Skip to main content
Table of contents

Message structure

Messages your client exchanges with the Document Checking Service (DCS) must be signed and encrypted using the following Internet Engineering Task Force (IETF) standards:

The JSON object in request and response bodies is protected by a signature and encryption wrapper.

To build the signature (JWS) and encryption (JWE) wrapper for your JSON object, you must:

  1. Sign your JSON object with your signing key using JWS.
  2. Encrypt your signed JSON object with your encryption key using JWE.
  3. Sign the encrypted content with your signing key using JWS.

Signing messages

Signing provides the receiver with assurance of who authored the message. The signature also guarantees that the message hasn’t been tampered with since the author signed it.

Your client signs requests with your private signing key. When receiving the request, the DCS uses your signing certificate to verify that the request came from your client.

Responses from the DCS are signed with the DCS’s private signing key. Your client uses the DCS’s signing certificate to verify that the response came from the DCS.

Signing keys and certificates

You must generate a private signing key and raise a certificate signing request to our Certificate Authority. Details about how to raise a certificate signing request with our Certificate Authority will follow after the expression of interest stage of the DCS pilot.

You will receive the DCS’s signing certificate from the DCS team.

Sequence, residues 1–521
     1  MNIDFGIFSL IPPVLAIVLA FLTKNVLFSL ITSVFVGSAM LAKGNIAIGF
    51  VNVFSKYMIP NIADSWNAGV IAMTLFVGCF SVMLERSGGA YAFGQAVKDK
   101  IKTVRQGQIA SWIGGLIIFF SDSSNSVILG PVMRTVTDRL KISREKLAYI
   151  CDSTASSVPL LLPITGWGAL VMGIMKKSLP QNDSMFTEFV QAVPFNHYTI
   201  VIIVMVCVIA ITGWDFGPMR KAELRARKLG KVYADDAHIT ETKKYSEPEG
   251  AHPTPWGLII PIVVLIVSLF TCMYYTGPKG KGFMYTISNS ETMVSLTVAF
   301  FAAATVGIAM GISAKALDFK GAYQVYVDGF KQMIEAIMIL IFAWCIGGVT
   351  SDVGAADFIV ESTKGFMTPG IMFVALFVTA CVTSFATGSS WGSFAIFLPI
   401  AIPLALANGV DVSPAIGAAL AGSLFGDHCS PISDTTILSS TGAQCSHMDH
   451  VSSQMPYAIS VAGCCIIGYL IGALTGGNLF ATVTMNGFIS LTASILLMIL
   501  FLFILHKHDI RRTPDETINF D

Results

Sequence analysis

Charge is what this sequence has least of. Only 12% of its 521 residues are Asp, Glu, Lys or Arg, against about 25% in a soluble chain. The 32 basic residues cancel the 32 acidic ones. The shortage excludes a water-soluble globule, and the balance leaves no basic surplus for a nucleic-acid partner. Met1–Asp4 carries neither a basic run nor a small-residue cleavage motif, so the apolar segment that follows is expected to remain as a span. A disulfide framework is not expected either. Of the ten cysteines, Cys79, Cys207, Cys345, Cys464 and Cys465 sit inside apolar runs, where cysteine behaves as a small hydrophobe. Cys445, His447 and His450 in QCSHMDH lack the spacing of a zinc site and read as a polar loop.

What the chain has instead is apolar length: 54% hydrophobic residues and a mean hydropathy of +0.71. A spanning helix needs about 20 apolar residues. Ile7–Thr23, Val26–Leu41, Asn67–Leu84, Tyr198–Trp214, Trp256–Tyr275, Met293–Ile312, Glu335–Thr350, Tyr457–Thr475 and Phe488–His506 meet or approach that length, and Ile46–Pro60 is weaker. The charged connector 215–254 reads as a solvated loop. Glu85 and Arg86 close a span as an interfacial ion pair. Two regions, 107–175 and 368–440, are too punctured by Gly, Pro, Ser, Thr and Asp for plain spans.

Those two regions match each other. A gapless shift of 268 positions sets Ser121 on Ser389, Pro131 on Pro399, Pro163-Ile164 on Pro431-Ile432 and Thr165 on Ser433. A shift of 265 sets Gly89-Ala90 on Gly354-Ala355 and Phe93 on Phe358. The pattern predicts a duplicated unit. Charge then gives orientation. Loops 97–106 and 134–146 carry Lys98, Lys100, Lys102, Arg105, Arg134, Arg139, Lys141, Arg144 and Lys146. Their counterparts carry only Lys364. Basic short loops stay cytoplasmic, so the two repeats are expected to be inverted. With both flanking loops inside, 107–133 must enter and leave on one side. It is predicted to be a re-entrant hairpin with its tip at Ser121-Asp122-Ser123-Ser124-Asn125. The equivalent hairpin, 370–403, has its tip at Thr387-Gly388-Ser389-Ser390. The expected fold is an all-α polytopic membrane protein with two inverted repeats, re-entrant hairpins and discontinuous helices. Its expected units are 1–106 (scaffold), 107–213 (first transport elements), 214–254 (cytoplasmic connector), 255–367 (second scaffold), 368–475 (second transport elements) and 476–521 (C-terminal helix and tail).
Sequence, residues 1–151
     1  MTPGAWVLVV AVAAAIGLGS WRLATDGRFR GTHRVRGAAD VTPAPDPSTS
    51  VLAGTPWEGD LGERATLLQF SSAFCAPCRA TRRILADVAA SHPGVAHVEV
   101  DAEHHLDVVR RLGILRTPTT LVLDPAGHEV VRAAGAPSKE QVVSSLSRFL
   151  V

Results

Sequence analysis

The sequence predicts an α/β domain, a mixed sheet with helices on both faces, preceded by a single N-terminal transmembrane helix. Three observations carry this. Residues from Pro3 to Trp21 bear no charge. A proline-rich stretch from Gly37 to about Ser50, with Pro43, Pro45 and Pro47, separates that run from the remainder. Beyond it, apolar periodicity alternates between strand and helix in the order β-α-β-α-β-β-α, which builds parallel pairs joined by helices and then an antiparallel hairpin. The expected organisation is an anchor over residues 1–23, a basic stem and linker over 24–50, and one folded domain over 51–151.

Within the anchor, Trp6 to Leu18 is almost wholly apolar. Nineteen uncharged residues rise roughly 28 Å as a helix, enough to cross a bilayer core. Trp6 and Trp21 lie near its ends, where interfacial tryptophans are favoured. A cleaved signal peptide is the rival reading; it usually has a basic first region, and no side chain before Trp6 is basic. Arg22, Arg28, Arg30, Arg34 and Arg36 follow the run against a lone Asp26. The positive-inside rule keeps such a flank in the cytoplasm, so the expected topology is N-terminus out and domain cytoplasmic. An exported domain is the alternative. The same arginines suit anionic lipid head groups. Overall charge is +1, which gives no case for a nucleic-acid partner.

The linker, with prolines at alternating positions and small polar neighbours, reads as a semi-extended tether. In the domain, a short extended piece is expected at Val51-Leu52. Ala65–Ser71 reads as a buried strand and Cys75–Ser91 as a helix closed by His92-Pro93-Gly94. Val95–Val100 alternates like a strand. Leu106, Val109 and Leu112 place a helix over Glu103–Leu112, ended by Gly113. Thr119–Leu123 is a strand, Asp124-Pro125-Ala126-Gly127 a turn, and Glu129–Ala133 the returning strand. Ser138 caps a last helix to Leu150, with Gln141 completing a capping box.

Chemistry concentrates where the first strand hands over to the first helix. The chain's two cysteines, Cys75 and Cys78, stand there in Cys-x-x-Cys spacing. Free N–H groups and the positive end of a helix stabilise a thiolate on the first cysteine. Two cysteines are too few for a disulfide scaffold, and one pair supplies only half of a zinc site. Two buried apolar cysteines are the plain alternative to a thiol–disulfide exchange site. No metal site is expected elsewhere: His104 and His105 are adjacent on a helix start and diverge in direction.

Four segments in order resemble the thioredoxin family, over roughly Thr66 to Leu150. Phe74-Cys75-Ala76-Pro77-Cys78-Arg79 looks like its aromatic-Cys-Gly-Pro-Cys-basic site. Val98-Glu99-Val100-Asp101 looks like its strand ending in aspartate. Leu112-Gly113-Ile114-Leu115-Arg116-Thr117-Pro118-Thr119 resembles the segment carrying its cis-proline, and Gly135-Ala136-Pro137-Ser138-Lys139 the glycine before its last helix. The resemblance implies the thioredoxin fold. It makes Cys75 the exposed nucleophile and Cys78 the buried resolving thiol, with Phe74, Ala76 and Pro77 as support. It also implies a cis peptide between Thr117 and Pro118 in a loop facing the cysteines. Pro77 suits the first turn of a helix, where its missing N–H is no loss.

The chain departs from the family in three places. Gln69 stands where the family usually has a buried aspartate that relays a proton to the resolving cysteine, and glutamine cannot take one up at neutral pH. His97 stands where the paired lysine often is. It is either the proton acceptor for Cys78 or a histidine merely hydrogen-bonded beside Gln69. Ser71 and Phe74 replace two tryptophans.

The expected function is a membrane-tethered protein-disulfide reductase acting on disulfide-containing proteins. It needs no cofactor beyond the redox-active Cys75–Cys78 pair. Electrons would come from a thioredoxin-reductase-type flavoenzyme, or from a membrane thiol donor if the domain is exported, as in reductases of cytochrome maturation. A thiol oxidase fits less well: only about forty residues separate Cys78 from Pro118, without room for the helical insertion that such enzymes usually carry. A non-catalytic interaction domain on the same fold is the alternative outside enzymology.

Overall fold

Signing algorithms

Signatures in the JOSE message must use RSASSA-PKCS1-V1_5 with the SHA-256 hashing algorithm for RSA-based keys, as detailed in the JSON Web Algorithms specification.

The alg header in the JWS object must be set to RS256.

You must set the x5t and x5t#256 headers. The DCS uses these headers to confirm that the certificate used to sign the JWS object was signed by our Certificate Authority.

Encrypting messages

Encryption provides the sender with assurance that only the intended receiver can see the message.

Your client encrypts requests using the DCS’s encryption certificate. When receiving the request, the DCS uses its private encryption key to decrypt your request.

Responses from the DCS are encrypted with your encryption certificate. Your client then uses your private encryption key to decrypt the response from DCS.

Encryption keys and certificates

You must generate a private encryption key and raise a certificate signing request with our Certificate Authority. Details about how to raise a certificate signing request with our Certificate Authority will follow after the expression of interest stage of the DCS pilot.

You will receive the DCS’s encryption certificate from the DCS team.

Encryption algorithms

The encrypted component of the JOSE message must use:

The alg header in the JWE object must be set to RSA-OAEP.

The enc header in the JWE object must be set to A128CBC-HS256.

You must set the x5t and x5t#256 headers. The DCS uses these headers to confirm that the certificate used to encrypt the JWE object was signed by our Certificate Authority.

This page was last reviewed on 15 November 2019.